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Naval Academy’s ‘Plebe Summer’ looks a bit different this year

in this file photo, plebes socially distance themselves in line as a Naval officer (C) looks on, on Induction Day on June 30, 2020 at the U.S. Naval Academy in Annapolis, Maryland. According to reports, approximately 350 incoming plebes will check in for over four days of modified Induction Day - totaling approximately 1,200 men and women. Additionally to help adhere to current Covid-19 health and safety regulations, Induction Day was closed to all guests including family, friends, and the public. (Patrick Smith/Getty Images/TNS)
August 09, 2020

As the national debate rages over how to safely reopen schools this fall amid the coronavirus pandemic, one institution has forged ahead before most others: the United States Naval Academy.

Each year, the Naval Academy takes in roughly 1,200 students for a seven-week physical and mental training regimen known as Plebe Summer. The goal, according to the academy, is to turn civilians into midshipmen.

This summer, that process looks a little different. And has involved a lot of hand sanitizer.

For plebes, or freshmen, the changes began immediately. Incoming plebes were issued a face mask and tested for the virus and immediately began a 14-day quarantine period.

Each morning, they underwent a temperature check and a screening for possible symptoms of the virus. And, for the duration of the summer, all midshipmen are required to stay on the Naval Academy campus in Annapolis, Maryland.

Academy officials say they hope that by keeping the students on campus, they will be able to contain the spread of the virus and inhibit its spread into the freshman class before the fall semester even begins.

Staff members, who are allowed to leave the campus, must fill out a daily screening form indicating they are not showing symptoms of COVID-19 and have not been exposed to someone who has tested positive in the past 14 days. They are also asked to self-monitor for symptoms. A person can carry the virus and display no symptoms, however.

It appears that officials in Anne Arundel County, where the Naval Academy is located, have not been able to control the spread of the virus. Cases in the county initially peaked in May at 1,784 in a single day before hitting a low of fewer than 300 per day in early July. The number of cases per day has since crept back into the thousands, according to data compiled by Johns Hopkins University.

But the Naval Academy has assured parents and students that all possible precautions are being taken to keep the community safe.

Students who test positive for the virus will be isolated within a segmented section of Bancroft Hall, the massive dormitory complex that houses all of the academy’s midshipmen, and be monitored by on-site medical professionals. Other safety measures include spreading out report dates and times of plebes to facilitate social distancing, repeat coronavirus testing and distancing strategies to minimize the risk of exposure.

Part of that distancing strategy means that plebes are separated in companies of 40 to 50 students, which are then treated as “family units.” Unlike in previous summers, this year’s plebes are kept away from other companies, limiting social interaction and the possibility of virus spread.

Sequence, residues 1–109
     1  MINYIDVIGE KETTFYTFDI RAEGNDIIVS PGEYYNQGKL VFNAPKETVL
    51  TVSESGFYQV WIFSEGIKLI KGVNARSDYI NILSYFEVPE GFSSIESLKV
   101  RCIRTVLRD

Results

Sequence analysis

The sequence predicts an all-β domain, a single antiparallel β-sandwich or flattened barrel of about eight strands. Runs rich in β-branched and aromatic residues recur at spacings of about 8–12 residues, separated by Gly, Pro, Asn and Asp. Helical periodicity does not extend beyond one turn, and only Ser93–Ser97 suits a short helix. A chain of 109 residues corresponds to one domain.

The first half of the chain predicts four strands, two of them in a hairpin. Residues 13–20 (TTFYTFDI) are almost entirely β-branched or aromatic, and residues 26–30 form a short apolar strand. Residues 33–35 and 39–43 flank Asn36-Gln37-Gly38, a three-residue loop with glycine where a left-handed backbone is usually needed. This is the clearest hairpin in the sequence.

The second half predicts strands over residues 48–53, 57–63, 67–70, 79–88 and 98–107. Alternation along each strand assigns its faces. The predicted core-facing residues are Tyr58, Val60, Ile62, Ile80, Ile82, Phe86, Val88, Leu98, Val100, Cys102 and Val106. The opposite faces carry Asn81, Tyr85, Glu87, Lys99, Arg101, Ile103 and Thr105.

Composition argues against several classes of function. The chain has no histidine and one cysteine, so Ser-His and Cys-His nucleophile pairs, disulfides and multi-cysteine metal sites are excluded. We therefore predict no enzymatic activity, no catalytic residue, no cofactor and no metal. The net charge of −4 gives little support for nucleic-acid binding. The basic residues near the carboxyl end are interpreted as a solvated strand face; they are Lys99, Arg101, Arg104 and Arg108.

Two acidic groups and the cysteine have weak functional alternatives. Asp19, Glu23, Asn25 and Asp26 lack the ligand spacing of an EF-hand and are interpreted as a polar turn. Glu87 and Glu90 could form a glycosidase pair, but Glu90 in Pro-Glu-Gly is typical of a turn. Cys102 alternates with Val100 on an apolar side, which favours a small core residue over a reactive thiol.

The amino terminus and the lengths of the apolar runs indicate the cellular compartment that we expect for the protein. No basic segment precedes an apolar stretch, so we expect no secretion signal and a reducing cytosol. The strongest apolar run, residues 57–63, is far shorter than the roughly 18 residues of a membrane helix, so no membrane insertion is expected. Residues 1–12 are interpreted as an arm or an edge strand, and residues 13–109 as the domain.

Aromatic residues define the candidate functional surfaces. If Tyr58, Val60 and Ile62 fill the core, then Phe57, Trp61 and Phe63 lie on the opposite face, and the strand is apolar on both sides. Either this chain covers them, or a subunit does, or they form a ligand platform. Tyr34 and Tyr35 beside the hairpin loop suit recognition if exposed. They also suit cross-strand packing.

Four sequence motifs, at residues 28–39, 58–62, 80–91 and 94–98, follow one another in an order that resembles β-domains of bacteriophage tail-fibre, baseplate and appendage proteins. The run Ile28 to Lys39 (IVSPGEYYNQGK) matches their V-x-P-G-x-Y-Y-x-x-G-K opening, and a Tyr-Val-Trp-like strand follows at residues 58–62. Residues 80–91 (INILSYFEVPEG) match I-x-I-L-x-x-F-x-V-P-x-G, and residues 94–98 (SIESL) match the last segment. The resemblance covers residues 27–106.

The academy has also had to evaluate special events on a case-by-case basis, canceling many.

In a July 10 letter to parents and families, Vice Adm. Sean Buck, the superintendent of the academy, said the class of 2024’s plebe parents weekend, an annual tradition, was postponed indefinitely.

“As both a Naval Academy graduate and parent, I know this is very disappointing to all of you, given this is traditionally the first glimpse of your son or daughter’s transition from civilian to military life, to see where they spent the summer transforming, and your first opportunity to meet and visit with your plebe’s sponsors,” Buck said in the letter.

Buck promised parents that their plebe would be provided extra time on the weekend of Aug. 8 to communicate with them virtually.

Other military institutions have also cautiously forged ahead with summer training.

The U.S. Military Academy at West Point in New York confirmed last month that four cadet candidates who arrived for summer basic training tested positive for the coronavirus and would be isolated from their classmates for two weeks.

Those cadets arrived at West Point on a staggered schedule, like that of the Naval Academy. Face masks are required for cadets at all times during their four weeks of basic training, which was cut from six weeks because of the virus.

And as Air Force Academy cadets prepare for a return to Colorado Springs for classes in mid-August, the Air Force has adopted similar guidelines to the other services. Air Force cadets will be tested for the virus “multiple times” during their first two weeks on campus, and random testing will continue indefinitely in an attempt to catch asymptomatic cases early.

Any cadet who tests positive for the virus will be isolated. And, to accommodate the additional space required during that isolation, the Air Force will house approximately 400 cadets in hotels off the base for the fall semester, and possibly longer.

Welcome back.


© 2020 CQ-Roll Call

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